Adopt a parakeet from the youngest age possible.,
Feed the parakeet from your hand.,
Reward the parakeet with treats and food.,
Look for reasons why the bird is biting.,
Move very slowly.,
Stay calm if the bird bites you.,
Talk softly to your bird.,
Train the parakeet to perch on your finger.,
Put your finger on the parakeet’s chest and push lightly.,
Finger-train your parakeet out-of-the-cage.
Parakeets are very sociable,and if you become part of their flock, you will have a more loving friend. To do this, simply spend lots of time with your bird from a young age, and he or she will become accustomed to your hands. This will help prevent your parakeet from biting you in the first place.;
, If a parakeet associates your hand with something positive—like food—it will be less scared and therefore less likely to bite you. Not only can this help keep the bird from biting you, it will help them become friendlier in general.
If the parakeet feels threatened by your hand, you may have trouble feeding it from your hand. In this case, try using a spoon at first and gradually choking up on the handle, then placing the spoon head in your fingers, then palm, etc. until you can discontinue using the spoon and encourage the bird to eat from your hand.
, Feeding your parakeet from your hand is one way to develop a bond, but you can also use food and treats to reward the bird for good behavior. For example, if you successfully got the parakeet onto your hand or even out of the cage for the first time (see parts below) you can use treats or food to reward the bird for that behavior. When the bird understands the reward system, it will learn to do what you want it to do in exchange for the food or treat.
, Parakeets may bite out of fear or jealousy, because they are tired, due to unintended reinforcement of biting behavior, in anticipation of being placed back in the cage when they do not want to be, or to protect their territory.You will be more successful at bonding with your parakeet and reducing biting behavior if you know why your bird bites. Armed with this information, you may tailor your approach to helping put a stop to biting more specifically.
, If you move too fast you’ll scare the bird. In general, you must move slowly around the bird if you want them to become tame enough to stop biting behavior. Do not place the cage in a high-traffic of your home, as too much commotion may be disturbing.
, If you quickly remove your hand from the cage when your bird bites, he or she may be getting just the reaction they are hoping for and continue the behavior. The bird may also be entertained by your reaction and continue the behavior for this reason. Be sure to remain calm if the bird bites—its bites are unlikely to break the skin, and they will probably not hurt that much. In response to biting behavior, simply say no firmly and cover the cage. The isolation this produces is not something the bird likes, so you will be discouraging biting behavior. It also calms the bird., The goal of proper interaction with your parakeet is essentially taming the bird. Talking softly around the bird helps it to feel calm around you, which can help with taming. Talking too loudly or shouting near the bird (not even necessarily to the bird) can scare it., Getting your parakeet to perch on your finger is part of hand-training. Finger-perching may take a while to achieve, but the patience should pay off in the end by developing a strong bond between you and your bird and minimizing biting behavior. Follow subsequent steps in this section to achieve finger-perching.Be mindful of the bird’s mood—he or she may not be interested in trying finger-perching just because you want him or her to. Keep this in mind as you begin to train the bird, and try to be aware of the bird’s mood so you don’t irritate or frustrate it.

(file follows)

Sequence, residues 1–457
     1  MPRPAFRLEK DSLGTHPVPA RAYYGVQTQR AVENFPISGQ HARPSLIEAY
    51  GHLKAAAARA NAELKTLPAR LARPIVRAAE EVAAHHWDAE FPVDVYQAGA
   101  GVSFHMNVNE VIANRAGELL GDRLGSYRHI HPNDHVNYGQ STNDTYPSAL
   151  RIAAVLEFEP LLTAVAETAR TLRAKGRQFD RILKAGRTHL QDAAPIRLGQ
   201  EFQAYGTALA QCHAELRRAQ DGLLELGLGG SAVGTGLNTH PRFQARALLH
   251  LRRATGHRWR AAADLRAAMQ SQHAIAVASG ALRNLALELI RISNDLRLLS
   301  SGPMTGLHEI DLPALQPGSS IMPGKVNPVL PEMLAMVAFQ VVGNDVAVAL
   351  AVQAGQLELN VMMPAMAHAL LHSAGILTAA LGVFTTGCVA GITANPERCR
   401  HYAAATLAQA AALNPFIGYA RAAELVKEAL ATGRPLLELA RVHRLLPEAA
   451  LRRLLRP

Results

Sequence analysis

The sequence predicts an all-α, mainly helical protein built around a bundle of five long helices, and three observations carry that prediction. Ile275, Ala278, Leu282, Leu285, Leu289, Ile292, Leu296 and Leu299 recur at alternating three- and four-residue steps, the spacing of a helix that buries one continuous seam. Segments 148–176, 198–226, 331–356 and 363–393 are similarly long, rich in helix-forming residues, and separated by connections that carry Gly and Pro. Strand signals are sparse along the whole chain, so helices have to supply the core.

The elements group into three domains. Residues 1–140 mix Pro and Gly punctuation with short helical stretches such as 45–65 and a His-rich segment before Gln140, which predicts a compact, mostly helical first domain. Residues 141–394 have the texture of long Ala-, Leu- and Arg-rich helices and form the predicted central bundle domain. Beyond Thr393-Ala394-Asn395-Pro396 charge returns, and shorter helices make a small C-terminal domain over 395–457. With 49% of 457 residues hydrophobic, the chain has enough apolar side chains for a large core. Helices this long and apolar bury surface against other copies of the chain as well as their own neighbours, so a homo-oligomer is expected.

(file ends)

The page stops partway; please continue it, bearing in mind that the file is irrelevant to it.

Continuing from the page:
, This does not hurt your bird, but it will make it lose its balance and coax it into putting its foot on your finger. It may not happen the first time, so if the bird flies away, try again the next day.Practice these steps each day to get the bird comfortable perching on your hand. Doing so will help put an end to biting behavior.
, Once your bird is comfortable perching on your finger, begin trying to bring it outside the cage on your finger. Use a vocal cue such as saying “up” in an enthusiastic voice. The bird may not want to venture too far outside the cage, but keep trying and you should be able to get him or her to go farther and farther each time. If they fly away, they will eventually go back to their cage, as that’s where they feel safe.Once your bird is finger trained out-of-the-cage, he or she will trust you a lot more, so biting should cease.